Children Natural Environment

Published:

1.0 Abstract

The goal of the study was to observe 2-3 year old children behave in their natural environment when carrying out their day to day activities. It was found out that children develop their motor skills faster at this stage. Children feel more secure when with their parent than around strangers

1.1 Introduction

The early years of life are crucial. Children are likely to survive, to have less diseases and fewer illnesses, to grow in a healthy way, and to fully develop language, thinking, emotional and social skills when well nurtured and cared for in their earliest years. As the child grows it passes through various stages, that is, from birth to 5 years. The following is and abstract of a 2-3 year old child observed under natural environment.

1.2 Various Behavioral Categories Observed

1.2.1 Gross Motor Skill

These are abilities acquired during early childhood and infancy stage as part of the development of the child's motor.2-3 year old children is able to walk upstairs, run ,walk ,stand up push,pull,carry,and lift small objects. Small muscle movements of the fingers and hands in coordination with movement of the eyes incorporate fine motor skills. Large muscle movements incorporate gross motor skills.

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For a child that has difficulty in mastering motor skills, frequent imitation, teaching and reteaching is important. It involves the use of feet, torso, legs and arms. Rhythm songs and body movement of large and small muscles help in teaching motor skills.

1.2.2 Play

Children have difficulties in expressing their feelings through words. Psychologist have determine that a child expresses himself more through play. 2-3 year old can be likely seen playing sensorimotor play. This involve different senses such as sound e.g. trying to imitate name of a person, movements such as jumping up and down when he sees an earoplane pass by , tactile and visual experiences.2-3 year old can also be seen involved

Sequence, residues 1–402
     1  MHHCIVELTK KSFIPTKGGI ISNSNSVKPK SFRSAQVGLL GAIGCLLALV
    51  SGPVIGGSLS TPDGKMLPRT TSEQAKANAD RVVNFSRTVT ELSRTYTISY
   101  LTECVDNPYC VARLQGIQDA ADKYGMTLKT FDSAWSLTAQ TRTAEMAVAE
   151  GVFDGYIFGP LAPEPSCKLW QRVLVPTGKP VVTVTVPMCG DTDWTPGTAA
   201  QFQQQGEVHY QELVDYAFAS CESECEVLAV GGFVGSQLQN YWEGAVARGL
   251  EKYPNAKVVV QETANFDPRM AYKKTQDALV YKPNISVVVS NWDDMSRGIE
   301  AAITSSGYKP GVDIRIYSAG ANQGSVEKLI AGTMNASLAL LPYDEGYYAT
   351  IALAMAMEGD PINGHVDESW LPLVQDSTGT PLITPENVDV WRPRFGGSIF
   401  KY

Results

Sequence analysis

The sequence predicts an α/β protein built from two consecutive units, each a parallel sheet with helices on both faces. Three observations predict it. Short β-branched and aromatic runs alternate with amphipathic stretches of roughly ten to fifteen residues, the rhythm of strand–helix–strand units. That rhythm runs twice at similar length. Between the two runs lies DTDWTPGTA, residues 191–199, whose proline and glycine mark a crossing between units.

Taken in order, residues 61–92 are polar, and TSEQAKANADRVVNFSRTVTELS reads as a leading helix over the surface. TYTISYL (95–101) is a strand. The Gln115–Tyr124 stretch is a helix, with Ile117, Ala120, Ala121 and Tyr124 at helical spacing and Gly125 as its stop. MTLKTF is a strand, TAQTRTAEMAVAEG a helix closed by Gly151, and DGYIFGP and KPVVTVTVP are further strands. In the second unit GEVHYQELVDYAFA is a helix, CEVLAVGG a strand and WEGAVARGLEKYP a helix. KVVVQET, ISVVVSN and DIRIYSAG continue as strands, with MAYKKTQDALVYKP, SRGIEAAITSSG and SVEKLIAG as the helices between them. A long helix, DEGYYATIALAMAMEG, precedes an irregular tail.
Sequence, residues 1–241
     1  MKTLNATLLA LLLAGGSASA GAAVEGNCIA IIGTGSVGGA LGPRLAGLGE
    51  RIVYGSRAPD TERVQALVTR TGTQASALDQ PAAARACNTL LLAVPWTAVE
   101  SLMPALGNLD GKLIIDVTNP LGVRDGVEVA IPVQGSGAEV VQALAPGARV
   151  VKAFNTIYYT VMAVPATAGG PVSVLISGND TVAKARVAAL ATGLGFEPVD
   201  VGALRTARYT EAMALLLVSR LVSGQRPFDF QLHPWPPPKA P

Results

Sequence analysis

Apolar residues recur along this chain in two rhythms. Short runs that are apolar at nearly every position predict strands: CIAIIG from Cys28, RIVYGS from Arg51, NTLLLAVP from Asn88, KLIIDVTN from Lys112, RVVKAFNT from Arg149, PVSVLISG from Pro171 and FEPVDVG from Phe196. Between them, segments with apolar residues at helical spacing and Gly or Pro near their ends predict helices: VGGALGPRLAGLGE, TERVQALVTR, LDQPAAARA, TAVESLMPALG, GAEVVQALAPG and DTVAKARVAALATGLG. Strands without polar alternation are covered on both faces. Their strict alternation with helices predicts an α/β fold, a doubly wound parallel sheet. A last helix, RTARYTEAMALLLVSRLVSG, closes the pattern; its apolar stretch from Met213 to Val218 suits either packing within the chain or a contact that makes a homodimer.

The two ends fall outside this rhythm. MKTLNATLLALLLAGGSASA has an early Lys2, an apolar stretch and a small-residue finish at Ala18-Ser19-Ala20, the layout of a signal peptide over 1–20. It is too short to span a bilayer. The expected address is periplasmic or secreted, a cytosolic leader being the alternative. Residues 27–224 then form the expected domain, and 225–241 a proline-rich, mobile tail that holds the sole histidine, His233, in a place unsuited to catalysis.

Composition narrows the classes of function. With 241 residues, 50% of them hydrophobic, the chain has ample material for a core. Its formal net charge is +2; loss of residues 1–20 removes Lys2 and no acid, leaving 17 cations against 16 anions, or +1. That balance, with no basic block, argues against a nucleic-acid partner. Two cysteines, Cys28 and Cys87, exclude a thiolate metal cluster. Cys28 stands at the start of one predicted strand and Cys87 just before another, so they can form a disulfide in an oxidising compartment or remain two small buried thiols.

in practice play. These involves the repetition of what it had been learnt. These activities include twirling, sliding, and throwing, jumping, running, finger painting. Motor skills needed for later game play is developed through such practices. The child under observation can be seen driving toy cars, kicking the ball with friends, the child is more self-centered with his toy car or the ball because he likes holding the ball more than he can allow his friends to hold it this is seen as normal.

Children imitate adults naturally this inspire their play their. Fantasy play occur at around 2-3 years of age children are real world oriented; simple house hold objects like pans pots and wooden spoons, their own bodies, simple toys like balls trucks, dolls and balls. Themes commonly played include caring for the baby, cooking and driving trucks.

1.2.3 Socialization

It is a process that begins shortly after birth, children need to be socialized well so as to grow as responsible adults. According to Erikson's eight stages of development, 2-3 year old child socialization falls under the second stage ,that is, learning autonomy verses shame; a child who emerges from this stage sure of himself proud rather than ashamed is from the “well-parented”. The early part of this psychosocial crisis includes negativism, stubbornness, tantrums, and stormy self-will. For example a 2year old may be seen folding their arms so as to prevent their mothers holding their arms as they cross the road another example is when a 3 year old boy refuses to eat because the mother simply corrected his bad habit of throwing stones to visitors.

2-3 year old is expected to talk out the few learn words to express their feelings for example when hungry, when he want to sleep, need food, when he is unhappy or when he is sick. If the parent is not keen on what he is saying, the child may cry. The child smile or laughs when happy.

1.2.4 Attachment styles

When the child is in the present of the parent, they feel more secure and can do anything for example play close to the parent. They feel loved and more confident. Therefore the child is seen to be more playful with others, sociable and this leads to him or her exploring his or her environment.